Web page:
A 401(k) plan may provide for "Roth 401(k)" contributions effective January 1, 2006. If a plan sponsor intends to allow Roth 401(k) contributions, the plan sponsor must distribute participant notices and election forms and implement the necessary recordkeeping systems prior to accepting such contributions to the plan. However, plan sponsors need to amend the plan to permit Roth 401(k) contributions by the end of the plan year in which the plan first accepts such contributions. For calendar year plans accepting Roth 401(k) contributions in 2006, the deadline is December 31, 2006.


IRS Announces Pension Plan Limitations for 2006

On October 14, 2005 the IRS announced the 2006 tax year cost-of-living and statutory adjustments applicable to dollar limitations for retirement plans. The cost-of-living increases reflect the Internal Revenue Code (the "Code") section 415 increases and the statutory increases relate to EGTRRA. Increases include, but are not limited to, the following:

  • The limit for the maximum annual benefit for a defined benefit plan will increase from $170,000 to $175,000;
  • The limit for the maximum annual benefit for a defined contribution plan will increase from $42,000 to $44,000;
  • The limit for a 401(k) deferral will increase from $14,000 to $15,000;
  • The limit for annual compensation will increase from $210,000 to $220,000;
  • The limit used in the definition of highly compensated employees will increase from $95,000 to $100,000 and
  • The limit for catch-up contributions will increase from $4,000 to $5,000.

SSA Announces 2006 Wage Base and Earnings Limits

On October 14, 2005, the Social Security Administration (the "SSA") announced that the 2006 wage base for computing Social Security tax will increase from $90,000 to $94,200. This increase is due to an increase in total wages and is double the $2,100 increase from 2004 to 2005.

The SSA also announced the 2006 annual maximum amount that an individual may earn in a calendar year without incurring a reduction in benefits. An individual may earn $1,040 monthly ($12,480 annually) before reaching Social Security normal retirement age and $2,770 monthly ($33,240 annually) after reaching Social Security retirement age. In calendar years prior to an individual's normal retirement age, the SSA will withhold $1.00 in benefits for every $2.00 in earnings in excess of the earnings threshold, while the SSA will withhold only $1.00 in benefits for every $3.00 in earnings in excess of the earnings threshold for calendar years after an individual attains Social Security normal retirement age.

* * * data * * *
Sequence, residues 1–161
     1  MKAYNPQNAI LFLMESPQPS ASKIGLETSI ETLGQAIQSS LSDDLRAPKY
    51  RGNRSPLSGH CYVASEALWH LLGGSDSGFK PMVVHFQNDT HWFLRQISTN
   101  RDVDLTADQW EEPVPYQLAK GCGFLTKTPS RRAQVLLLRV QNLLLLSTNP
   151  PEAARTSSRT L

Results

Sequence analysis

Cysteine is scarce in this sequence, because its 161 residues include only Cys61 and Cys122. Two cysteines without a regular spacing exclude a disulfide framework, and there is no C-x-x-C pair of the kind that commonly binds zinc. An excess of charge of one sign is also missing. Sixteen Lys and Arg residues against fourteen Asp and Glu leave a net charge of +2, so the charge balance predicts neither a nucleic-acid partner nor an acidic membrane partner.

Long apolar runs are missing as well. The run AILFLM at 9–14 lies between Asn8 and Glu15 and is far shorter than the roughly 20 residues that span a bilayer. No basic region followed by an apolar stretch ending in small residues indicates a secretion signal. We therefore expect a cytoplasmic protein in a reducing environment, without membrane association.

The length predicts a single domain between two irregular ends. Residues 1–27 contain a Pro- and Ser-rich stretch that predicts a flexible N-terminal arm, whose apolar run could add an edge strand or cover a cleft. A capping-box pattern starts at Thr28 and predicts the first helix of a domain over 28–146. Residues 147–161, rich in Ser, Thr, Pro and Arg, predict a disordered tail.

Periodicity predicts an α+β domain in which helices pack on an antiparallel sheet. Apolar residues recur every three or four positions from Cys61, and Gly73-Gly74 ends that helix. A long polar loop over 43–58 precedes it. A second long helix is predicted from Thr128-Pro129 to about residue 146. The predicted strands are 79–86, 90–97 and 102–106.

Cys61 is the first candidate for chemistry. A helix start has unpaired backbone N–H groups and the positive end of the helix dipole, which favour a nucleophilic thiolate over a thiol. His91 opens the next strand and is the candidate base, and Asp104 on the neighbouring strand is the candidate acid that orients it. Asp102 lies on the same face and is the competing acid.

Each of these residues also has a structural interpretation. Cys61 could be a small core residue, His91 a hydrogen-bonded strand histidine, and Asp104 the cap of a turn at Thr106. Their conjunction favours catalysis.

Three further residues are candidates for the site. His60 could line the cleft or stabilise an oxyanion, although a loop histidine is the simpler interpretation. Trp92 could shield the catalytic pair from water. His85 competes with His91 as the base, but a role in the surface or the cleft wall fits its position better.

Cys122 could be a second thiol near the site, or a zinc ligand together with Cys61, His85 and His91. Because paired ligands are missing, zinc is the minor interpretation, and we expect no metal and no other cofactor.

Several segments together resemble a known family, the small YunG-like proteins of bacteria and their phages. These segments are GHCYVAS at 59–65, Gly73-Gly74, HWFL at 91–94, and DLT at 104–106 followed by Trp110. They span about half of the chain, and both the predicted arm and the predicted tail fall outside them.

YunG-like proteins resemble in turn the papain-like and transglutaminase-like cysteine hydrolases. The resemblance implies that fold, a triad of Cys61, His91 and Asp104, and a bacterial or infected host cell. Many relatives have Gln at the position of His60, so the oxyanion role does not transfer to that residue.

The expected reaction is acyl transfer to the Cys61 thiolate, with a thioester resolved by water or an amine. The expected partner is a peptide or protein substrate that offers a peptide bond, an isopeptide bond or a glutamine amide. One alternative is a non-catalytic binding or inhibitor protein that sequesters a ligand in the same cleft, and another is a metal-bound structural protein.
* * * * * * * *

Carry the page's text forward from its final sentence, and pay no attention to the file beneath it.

PBGC Provides Updated Guidance on Participant Funding Notice

The Pension Benefit Guaranty Corporation (the "PBGC") recently released Technical Update 05-1, which updates this year's underfunded plan participant notice. Employers with qualified defined benefit plans that are required to pay PBGC variable rate premiums must provide participants with an underfunded plan notice unless the employers are eligible for certain exceptions. Governmental plans, non-electing church plans and multiemployer plans are exempted from the rule.

The PBGC Technical Update addresses, among other issues, which plans must provide the notice, who must receive the notice, when the notice must be provided, what information the notice must contain, how the notice must be provided and the penalties for not providing the notice.

Pension Funding Legislative Update

On November 3, 2005, the Senate approved a budget measure that will increase PBGC premiums. The budget measure would: